The fact that relationships are needed for emotional support and encouragement, as well as hard skills, may be seen as touchy-feely, but it is tremendously important.  When Jobs and Wozniak were building the Apple I computer in the early 1970’s, they were building it within a supportive community of computer hobbyists, known as the Homebrew Computer Club, that encouraged amateurs to build their own computers and software.

On the activism side, Ory Okolloh was also part of closely-knit and politically engaged community of African bloggers, like Erik Hersman and Juliana Rotich, who helped build Ushahidi from a piece of software into an organization. At the skill share, Greenpeace activists did not only learn skills from one another, they also built a global community around digital innovation for environment causes. This support is crucial in encouraging innovative individuals and small groups to follow through on new ideas.

Just as a community can provide support to innovators, it can also provide innovation-killing discouragement. Large organizations can be unintentionally conservative and bureaucratic. Staff can be made to feel that their job is not to achieve a goal but to perform a task. Organizations that see risk more as a possibility for failure than an opportunity for success will discourage staff from trying new things. This is particularly true of organizations that have thrived using older campaigning methods, leading to an “if it’s not broke don’t fix it” mentality.

One way to get around risk-averse tendencies in a large nonprofit is to allow a semi-independent project like shiftLabs to “hothouse” riskier projects. This means that shiftLabs implements the project and is its public face, such that a success furthers Oxfam’s goals, but a failure would not hurt its brand.

Organizations without a project like shiftLabs can begin by encouraging an environment where the voicing of innovative ideas is encouraged, even if these ideas are not always implemented. This “free speech” model of encouraging innovation pushes staff to think more creatively, while allowing the organization as a whole to implement only when it is ready. Small nonprofits and individual activists should seek to actively build supportive communities around their cause.


It is very difficult to innovate in a vacuum. Without constraints, all options are possible, efforts become diffuse and, if a solution is created, it applies somewhat to many situations and perfectly to none. Crisis (or at least a context of constraint) provides a firm reality check to any effort at innovation. There is a timeframe, a clear goal, specific users, and defined resources. In addition, crisis can encourage a conservative organization to get behind an innovation, since crisis creates a greater demand for results, even if it means breaking the rules.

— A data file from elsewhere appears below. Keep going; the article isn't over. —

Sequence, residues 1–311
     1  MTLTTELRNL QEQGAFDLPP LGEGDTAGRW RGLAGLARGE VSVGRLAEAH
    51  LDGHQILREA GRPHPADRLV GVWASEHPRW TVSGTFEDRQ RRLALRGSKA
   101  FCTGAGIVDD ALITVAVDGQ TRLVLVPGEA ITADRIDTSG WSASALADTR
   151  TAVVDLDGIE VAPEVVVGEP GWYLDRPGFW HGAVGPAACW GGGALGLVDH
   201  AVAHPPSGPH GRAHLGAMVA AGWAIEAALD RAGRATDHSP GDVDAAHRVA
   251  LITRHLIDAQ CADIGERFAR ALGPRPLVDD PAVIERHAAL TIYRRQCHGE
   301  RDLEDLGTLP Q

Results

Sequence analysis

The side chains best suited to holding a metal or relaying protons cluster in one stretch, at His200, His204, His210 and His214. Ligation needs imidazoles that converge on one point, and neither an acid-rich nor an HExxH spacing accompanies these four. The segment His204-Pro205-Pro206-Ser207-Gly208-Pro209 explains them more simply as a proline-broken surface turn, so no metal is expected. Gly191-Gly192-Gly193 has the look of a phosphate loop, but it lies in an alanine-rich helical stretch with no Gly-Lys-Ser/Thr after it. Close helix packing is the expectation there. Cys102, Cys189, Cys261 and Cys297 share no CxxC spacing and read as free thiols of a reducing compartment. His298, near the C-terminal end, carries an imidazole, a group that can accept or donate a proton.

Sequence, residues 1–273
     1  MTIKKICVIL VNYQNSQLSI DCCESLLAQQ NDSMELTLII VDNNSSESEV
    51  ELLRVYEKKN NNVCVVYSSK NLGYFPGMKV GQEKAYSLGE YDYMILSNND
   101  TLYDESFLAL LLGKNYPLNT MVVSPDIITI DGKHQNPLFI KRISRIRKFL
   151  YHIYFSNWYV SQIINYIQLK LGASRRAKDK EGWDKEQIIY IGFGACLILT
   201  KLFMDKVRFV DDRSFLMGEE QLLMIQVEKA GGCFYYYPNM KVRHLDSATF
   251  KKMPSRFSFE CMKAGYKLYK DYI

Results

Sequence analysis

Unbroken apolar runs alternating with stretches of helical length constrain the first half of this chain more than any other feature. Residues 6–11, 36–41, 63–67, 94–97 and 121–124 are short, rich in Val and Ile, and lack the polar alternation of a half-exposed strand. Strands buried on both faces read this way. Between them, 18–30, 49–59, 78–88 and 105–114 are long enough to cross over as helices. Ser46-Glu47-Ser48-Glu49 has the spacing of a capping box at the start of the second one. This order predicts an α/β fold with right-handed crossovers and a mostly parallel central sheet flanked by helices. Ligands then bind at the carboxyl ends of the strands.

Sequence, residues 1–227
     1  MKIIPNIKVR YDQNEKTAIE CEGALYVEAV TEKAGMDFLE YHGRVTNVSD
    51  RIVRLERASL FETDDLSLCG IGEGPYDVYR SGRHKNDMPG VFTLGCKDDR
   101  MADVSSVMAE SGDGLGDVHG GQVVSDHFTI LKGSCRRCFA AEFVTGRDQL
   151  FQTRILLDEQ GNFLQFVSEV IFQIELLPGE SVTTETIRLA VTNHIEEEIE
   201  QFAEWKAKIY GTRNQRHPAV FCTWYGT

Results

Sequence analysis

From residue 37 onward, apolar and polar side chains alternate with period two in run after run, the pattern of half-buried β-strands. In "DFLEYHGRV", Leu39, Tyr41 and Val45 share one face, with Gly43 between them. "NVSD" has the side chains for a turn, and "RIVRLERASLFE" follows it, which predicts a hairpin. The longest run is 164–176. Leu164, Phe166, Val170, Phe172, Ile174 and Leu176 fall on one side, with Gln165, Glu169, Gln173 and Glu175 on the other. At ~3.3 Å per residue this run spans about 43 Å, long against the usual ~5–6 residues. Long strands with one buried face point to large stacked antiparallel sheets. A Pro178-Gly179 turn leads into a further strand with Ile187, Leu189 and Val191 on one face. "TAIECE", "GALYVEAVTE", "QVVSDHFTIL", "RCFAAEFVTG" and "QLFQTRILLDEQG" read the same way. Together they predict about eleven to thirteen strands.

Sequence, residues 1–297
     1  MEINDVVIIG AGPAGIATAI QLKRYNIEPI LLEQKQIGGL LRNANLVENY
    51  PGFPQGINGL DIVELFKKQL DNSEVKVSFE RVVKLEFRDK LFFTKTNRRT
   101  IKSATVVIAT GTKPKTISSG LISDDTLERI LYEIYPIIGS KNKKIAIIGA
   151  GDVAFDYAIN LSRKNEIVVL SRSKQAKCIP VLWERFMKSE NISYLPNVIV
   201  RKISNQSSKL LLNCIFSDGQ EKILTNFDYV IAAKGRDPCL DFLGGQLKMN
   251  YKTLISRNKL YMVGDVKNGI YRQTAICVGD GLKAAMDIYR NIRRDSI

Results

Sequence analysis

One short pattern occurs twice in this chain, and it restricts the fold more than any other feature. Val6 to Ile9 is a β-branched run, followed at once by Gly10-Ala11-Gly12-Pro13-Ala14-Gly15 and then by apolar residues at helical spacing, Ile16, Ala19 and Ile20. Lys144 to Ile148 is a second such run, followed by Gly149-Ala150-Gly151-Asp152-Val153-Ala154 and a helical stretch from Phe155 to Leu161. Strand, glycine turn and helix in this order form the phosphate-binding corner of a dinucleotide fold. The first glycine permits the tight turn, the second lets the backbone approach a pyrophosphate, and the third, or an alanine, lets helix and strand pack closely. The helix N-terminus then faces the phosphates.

Ushahidi was created during the post-election crisis in Kenya in late 2007 and early 2008. At the time, the local media refused to report on acts of violence. Ory Okolloh was using her blog as a de facto news aggregator, but the task was too great and she also feared for her safety. She needed a platform that would allow Kenyans to publicly self-report instances of violence as they witnessed them around the country. The context of a nationwide crisis in a country with low Internet penetration but higher mobile penetration led to the creation of an application that linked SMS messages to a digital map.

This does not mean that nonprofits need to wait for violent street riots to attempt innovation. Every campaign is a reaction to a social, political, or environmental crisis.  By linking innovation efforts to the concrete goals of specific campaigns, nonprofits are likely to get more practical and reality-driven results. By checking if staff members have the awareness and relationships needed to innovate digitally, organizations can begin to achieve greater digital success.

Subscribe to updates about Open Society’s work around the world

By entering your email address and clicking “Submit,” you agree to receive updates from the Open Society Foundations about our work. To learn more about how we use and protect your personal data, please view our privacy policy.